Imagine waking up each morning and, while you're groggily brushing your teeth in front of the mirror, the mirror comes to life — immediately recognizing you and reading your text messages aloud, displaying news stories and weather information tailored to your preferences, and showing you your daily calendar and to-do list. If you need to send a text, it will have speech-to-text capabilities, as well as facial recognition, gesture recognition, a webcam and more. This mirror-as-dashboard idea is no longer far-fetched — computer science and engineering students at Purdue University have created a prototype mirror (called "Mirror, Mirror," after the famous sentient mirror in Snow White and the Seven Dwarves) that does just that, and hopefully, a lot more.
The prototype uses its facial recognition capabilities to identify who is looking at it, and links up to that person's user profile — pulling and displaying personal Facebook, Twitter, email and other messages and accounts. The original prototype was developed at a 36-hour hackathon in the fall of 2014 called Boilermake, out of plywood and an old monitor. The latest version uses a flat-screen monitor covered by one-way glass, and resembles a flat-screen TV unless you're standing in front of it.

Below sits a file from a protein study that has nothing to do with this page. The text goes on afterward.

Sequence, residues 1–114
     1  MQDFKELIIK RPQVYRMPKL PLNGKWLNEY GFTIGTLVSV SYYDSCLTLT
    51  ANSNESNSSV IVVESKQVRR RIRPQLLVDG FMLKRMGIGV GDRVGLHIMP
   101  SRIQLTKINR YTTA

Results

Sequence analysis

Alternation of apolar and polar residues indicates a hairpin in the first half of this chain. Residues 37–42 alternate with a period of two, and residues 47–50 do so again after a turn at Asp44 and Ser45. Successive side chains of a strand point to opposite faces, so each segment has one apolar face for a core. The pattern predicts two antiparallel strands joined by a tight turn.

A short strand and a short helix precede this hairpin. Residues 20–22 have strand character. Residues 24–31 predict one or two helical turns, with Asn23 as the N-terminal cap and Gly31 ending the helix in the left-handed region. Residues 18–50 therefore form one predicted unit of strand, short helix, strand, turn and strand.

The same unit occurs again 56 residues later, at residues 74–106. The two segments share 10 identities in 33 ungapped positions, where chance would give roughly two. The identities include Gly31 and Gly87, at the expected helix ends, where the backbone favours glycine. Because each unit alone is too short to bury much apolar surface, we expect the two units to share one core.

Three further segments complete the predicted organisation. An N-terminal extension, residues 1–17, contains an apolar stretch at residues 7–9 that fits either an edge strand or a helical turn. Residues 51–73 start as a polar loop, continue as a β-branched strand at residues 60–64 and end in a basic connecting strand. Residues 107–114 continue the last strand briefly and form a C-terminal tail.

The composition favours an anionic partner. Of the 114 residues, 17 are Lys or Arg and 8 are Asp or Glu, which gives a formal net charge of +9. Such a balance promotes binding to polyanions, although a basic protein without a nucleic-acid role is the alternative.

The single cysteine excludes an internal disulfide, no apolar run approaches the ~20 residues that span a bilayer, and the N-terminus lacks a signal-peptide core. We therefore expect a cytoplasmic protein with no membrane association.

The Mirror, Mirror prototype allows for "easier integration of information into people's lives," says Jordan Duffy, an innovation and IT Strategist. "Tech like this makes staying informed and knowledgeable on current affairs easy." Duffy suggests that a mirror like this could be integrated with other connected devices in the home and used for everything from getting children to brush their teeth, to makeup application tips to possible health uses such as identifying skin cancers. (In fact, other "smart mirrors" created for this very purpose are now in clinical trials.)
So far, this mirror is just in the prototype stage, with the founders reportedly considering a Kickstarter or other crowdfunding push to get it to market. They also want to offer their API to developers "for every last tweak you need," according to their website.
But how likely is something like this mirror to become a part of the American home? "Kitchens and baths are changing dramatically from what they used to be," says Nancy Keenholts Dalton of the Seattle-based design build firm Baywolf Dalton. "I am integrating technology into projects, actually many times in the cabinetry I design. I see this as being integrated into the kitchen. Clients will want to watch cooking videos and check the news," she says. While Dalton is optimistic about smart mirror technology entering the American home, she has one function she'd rather the mirror not have: "I do want to be able to disable a camera, or simply not have that feature."